And after all the risk presented by such distribution of poison, all the suffering and all the death, it would still have no chance of providing any meaningful long-term reduction in free-roaming cat populations.  Study after study confirm that in an area in which there is potential for the migration of new cats, re-population will occur. The goal of eradication of cats is simply non-viable. Multiple peer-reviewed scientific studies also have shown that with the exception of on very small islands on which there is no possibility of influx of new cats, efforts to remove cats from any given area do not actually decrease feral at populations over the long-term.

So not only would it not work and risk harming people and other animals, but the inescapable reality is that the people of Hawai’i are deeply opposed to the killing of free-roaming cats.  They object to the very heart of what HB 1987 proposes – the mass extermination of cats.

Alley Cat Allies commissioned two state-wide polls, one in 2017 and one in 2018, to take the pulse of the citizens of Hawai’i on their preferred approach to management of free-roaming cat populations in your state.  Both polls were undertaken by award-winning, Hawai’i-based  public opinion firm, Anthology Marketing Group, and involved polling hundreds of residents of Hawai’i eighteen years of age and older (485 respondents in in 2017; 683 respondents in 2018).

Both polls showed unwavering, strong opposition to lethal cat population management methods.

Seventy-seven percent of residents of Hawai’i indicated that they would leave a stray cat outside when given the choice between two courses of action on what to do on finding a stray cat – leaving the cat where it is outside or having the cat caught and then put down.

The result which may in fact be most germane to discussion of HB 1987 is centers around the question of whether it is ok to engage in the lethal removal of animals in attempts to help save other species. The following was read to respondents:

“Stepping away from the specific details, I’m going to read a statement to you and I’d like you to let me know whether you agree or disagree with it.  Choosing to kill members of one animal species to save another is inhumane and should not be allowed.”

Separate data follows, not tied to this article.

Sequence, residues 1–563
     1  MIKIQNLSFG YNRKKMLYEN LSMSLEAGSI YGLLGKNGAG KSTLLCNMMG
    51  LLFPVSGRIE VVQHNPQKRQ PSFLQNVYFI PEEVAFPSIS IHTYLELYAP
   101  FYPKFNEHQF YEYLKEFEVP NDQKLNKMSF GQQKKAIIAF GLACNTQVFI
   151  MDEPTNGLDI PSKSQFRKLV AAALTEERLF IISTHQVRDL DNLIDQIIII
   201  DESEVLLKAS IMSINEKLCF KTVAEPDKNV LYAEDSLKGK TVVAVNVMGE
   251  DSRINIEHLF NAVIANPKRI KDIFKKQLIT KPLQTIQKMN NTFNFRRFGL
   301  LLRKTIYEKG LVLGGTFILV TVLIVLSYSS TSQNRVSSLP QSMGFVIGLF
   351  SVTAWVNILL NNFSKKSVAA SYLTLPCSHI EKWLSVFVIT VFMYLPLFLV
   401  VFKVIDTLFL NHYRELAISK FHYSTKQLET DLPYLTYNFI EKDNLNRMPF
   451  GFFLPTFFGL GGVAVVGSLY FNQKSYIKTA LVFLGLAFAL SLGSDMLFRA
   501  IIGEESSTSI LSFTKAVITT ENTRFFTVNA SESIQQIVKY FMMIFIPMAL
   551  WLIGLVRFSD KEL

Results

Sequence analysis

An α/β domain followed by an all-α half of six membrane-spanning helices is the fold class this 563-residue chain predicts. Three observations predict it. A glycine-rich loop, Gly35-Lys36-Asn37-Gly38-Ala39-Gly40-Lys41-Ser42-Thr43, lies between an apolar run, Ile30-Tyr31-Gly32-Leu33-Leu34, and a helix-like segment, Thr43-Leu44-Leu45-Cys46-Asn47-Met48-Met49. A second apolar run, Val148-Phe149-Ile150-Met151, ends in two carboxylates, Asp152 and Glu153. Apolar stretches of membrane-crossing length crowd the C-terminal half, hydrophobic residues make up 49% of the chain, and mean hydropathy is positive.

Fully 71% of those surveyed agreed with the statement.  Please re-read that and let it sink in.

Seven in ten residents of Hawai’i do not support killing members of one animal species to save another one. They, like we, want efforts to be undertaken to protected endangered species.  They – like we – want effective efforts put into place that truly protect endangered species and their habitats, and we – like they – want these efforts to be carried out without the inclusion of the lethal removal of animals.

There are many studies showing that non-lethal method of predator control (wolves, coyotes, cats, etc.) is highly effective, and there are an ever growing number of programs in place across the US and around the world demonstrating the effectiveness of this approach.

The old-school, tried-and-failed, ethically troubling approach to conservation in which it is thought to be morally ok and believed to be effective to kill large numbers of animals in hopes that doing so might help save others is increasingly rejected by the leading lights in the conservation community globally.

Killing need not and should not be part of Hawaii’s approach to conservation.

It falls to the legislature to help set clear bounds around what it allows to be done on behalf of the people with tax dollars collected from the people. On this point, the public has given clear direction.

The public wants killing to be taken out of Hawaii’s conservation toolbox.  The public does not want poison bait littered across the state, and it does not want cats killed.

We respectfully request that HB 1987 receive no further legislative attention. Instead, more realistic, compassionate suggestions be developed and put forward in its place. Dropping HB 1987 will save the state a great deal of money, aggravation, failure and negative public attention.

Sincerely,

Becky Robinson
President & Founder, Alley Cat Allies